The scientist as an entrepreneur Brilliant product is often not enough for a firm to succeed.


It's a classic in the annals of corporate America: A young Steven P. Jobs, confident he has invented the world's most irresistible computer, sells his Volkswagen and uses the money to start Apple Computer Inc.

That much of the story almost everyone knows, but the second half is also illustrative: Jobs' famous, blue-jeaned management fails to keep the company on track and it plunges into the red, only to be saved in 1985 by a professional manager who ousts the founder in the process.

By actively courting high-technology and bio-tech industries, Maryland's business leaders are hoping to make the state the home of the next Apple Computer. But, while technology companies carry great potential, they are also associated with extraordinary risk of failure. For every Apple, there are scores of companies that fail to survive beyond infancy.

The reason is rooted in a paradox: such companies are usually founded by strong-willed, entrepreneurial scientists who have recognized an opportunity overlooked by others. But such leaders can inadvertently sabotage their companies if they are blind to obvious problems or fail to look beyond the technical aspects of their products.

"A lot of them succumb to the idea that if you build a better mousetrap the world will beat a path to your door. It ain't necessarily so," said John C. Weiss 3rd, a consultant and managing partner of the Maryland Venture Capital Trust, a fledgling, quasi-public venture capital firm.

The long-term success of a company depends upon a manager's ability to lead the organization beyond the start-up, "entrepreneurial stage," said Harry E. Merriken, associate professor of finance at Loyola University.

Many high-tech companies are in that phase, dominated by former professors or researchers with innovations who have headed out on their own.

The founders of such companies, he said, "tend to be very task-oriented. They are usually very single-minded and don't entertain other points of view. . . . Very often they don't foster the creativity that made them successful."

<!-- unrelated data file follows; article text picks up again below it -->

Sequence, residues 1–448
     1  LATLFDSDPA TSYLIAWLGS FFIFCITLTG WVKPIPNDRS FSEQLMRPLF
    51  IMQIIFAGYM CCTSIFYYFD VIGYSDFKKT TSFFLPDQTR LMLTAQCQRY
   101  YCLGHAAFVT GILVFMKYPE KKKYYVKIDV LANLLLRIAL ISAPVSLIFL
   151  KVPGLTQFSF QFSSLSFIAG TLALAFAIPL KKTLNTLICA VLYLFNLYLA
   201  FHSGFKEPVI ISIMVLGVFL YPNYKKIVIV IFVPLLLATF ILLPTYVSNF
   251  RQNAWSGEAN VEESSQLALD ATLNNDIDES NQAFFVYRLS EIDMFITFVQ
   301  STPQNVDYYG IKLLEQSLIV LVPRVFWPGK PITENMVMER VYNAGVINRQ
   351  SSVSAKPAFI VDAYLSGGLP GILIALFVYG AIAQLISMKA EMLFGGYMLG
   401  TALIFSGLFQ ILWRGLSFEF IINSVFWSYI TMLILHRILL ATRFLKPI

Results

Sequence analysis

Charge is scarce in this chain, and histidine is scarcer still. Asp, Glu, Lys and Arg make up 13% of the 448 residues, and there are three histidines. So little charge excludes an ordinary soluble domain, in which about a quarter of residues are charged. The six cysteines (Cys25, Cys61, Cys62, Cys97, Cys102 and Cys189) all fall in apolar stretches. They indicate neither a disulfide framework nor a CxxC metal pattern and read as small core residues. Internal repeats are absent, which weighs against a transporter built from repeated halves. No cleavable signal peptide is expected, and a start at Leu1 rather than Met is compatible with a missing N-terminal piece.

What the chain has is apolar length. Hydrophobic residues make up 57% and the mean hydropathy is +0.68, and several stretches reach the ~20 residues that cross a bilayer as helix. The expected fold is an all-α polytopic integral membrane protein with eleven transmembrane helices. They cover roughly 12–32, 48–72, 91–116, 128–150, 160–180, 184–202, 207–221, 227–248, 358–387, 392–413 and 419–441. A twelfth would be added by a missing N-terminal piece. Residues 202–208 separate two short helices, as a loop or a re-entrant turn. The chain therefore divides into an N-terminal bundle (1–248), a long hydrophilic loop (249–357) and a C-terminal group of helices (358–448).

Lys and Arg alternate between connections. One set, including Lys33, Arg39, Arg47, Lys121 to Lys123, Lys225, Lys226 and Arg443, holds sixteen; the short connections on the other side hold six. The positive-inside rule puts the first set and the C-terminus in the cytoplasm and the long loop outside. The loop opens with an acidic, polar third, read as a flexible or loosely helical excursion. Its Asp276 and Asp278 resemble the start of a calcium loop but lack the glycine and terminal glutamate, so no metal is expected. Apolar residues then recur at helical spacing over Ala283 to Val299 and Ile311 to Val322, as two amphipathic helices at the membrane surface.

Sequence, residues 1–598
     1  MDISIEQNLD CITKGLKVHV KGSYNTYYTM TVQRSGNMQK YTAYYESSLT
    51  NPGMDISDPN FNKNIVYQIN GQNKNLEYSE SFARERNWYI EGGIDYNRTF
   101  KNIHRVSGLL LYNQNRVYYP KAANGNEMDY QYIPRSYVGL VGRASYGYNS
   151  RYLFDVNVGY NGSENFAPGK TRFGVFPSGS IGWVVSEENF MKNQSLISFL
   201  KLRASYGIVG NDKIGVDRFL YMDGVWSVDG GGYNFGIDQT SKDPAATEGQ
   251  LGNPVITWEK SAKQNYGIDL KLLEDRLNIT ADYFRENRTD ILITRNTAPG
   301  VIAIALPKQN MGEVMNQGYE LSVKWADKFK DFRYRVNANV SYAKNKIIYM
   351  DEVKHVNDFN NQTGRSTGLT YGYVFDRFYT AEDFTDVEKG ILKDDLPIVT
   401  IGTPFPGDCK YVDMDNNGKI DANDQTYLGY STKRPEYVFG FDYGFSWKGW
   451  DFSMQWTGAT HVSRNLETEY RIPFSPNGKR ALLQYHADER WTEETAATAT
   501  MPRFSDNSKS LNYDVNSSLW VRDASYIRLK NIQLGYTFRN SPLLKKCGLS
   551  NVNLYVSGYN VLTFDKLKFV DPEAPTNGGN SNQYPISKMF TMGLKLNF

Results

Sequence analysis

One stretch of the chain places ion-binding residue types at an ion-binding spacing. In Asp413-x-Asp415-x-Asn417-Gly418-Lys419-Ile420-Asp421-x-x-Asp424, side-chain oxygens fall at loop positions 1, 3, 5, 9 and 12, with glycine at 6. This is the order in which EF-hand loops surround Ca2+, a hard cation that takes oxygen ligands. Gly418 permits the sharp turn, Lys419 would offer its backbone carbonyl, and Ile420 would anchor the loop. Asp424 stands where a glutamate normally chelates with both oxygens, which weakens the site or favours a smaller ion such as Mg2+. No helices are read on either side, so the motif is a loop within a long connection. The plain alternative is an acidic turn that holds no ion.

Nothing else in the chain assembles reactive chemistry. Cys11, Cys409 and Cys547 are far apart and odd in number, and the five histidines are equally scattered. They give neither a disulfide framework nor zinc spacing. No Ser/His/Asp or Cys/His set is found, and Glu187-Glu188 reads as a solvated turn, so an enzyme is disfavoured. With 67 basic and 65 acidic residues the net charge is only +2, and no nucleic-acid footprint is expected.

The companies are typically small and oriented around a few products or services. The flexibility of this structure serves them well in the early years, but with growth comes a need for more sophisticated employee relations, marketing savvy and an ability negotiate with bankers and stockholders for capital, Merriken said.

Loren D. Jensen was a professor at Johns Hopkins University when, in 1973, he left the school to found an environmental services company, EA Engineering, Science and Technology, with 30 employees.

Jensen said he went through a period of resisting the advice of those who recommended bringing on board more business people.

"I stumbled around and made some dumb decisions," he said. Finally, a consultant suggested an accounting firm and other changes that he adopted.

"The more technically oriented you are, the more likely you are to overlook the obvious," he said.

Last year, he and his board decided that the 750-worker company had grown sufficiently large and complex to warrant hiring a separate president, a role Jensen had been filling along with chairman. Edward V. Lower, a long-time Union Carbide Corp. executive, became president on June 1.

"Too few developing companies have an appreciation for somebody with a business background," Jensen said.

Most founders of high-technology companies are "visionaries who see something that you or I wouldn't see," said Weiss, of Maryland Venture Capital.

"You need that kind of drive and vision and spirit to get the business launched and as that entity becomes a business it needs to bring on people with a business acumen. It becomes more a business than a dream," Weiss said.

Weiss cited the J.L. Wickham Co. as an example. The Baltimore maker of computer-driven machine tools experienced rapid growth after its founding eight years ago by a former Black & Decker Corp. engineer. Jack Wickham, its founder and president, last year was named Entrepreneur of the Year by the Maryland Department of Economic and Employment Development.

But the company faced troubles early in its history, said Weiss, a one-time adviser to Wickham.

"I have the highest regard for him. He's brilliant. But in the formative years he did not delegate, kept everything to himself," Weiss said.

He said Wickham has assembled the necessary management team and now appears back on track. But some clients are not as receptive to the suggestion they bring on professional managers, Weiss said.

Wickham agreed that he has gained respect for business savvy, and the ability of managers to deal with banks, employee matters and other non-technical aspects of the company.

"It got to the point where I wasn't good enough to do all of those things," Wickham said.

But, he added, there are limits to how many tasks the founder of a start-up firm can delegate. Frequently, such firms may be unable to attract the kind of talent necessary for reliable decision-making. Also, one or two bad decisions by a subordinate can destroy a young, fragile company, he said.

For investors, the business background of a company's managers is almost as important as their knowledge of the product or science, said Andrew E. Scherer, vice president of Signet Investment Banking in Baltimore, the investment banking subsidiary of Signet Bank Maryland.

"You would almost rather see a company with a great management team and a mediocre product than a great product and mediocre management," Scherer said.

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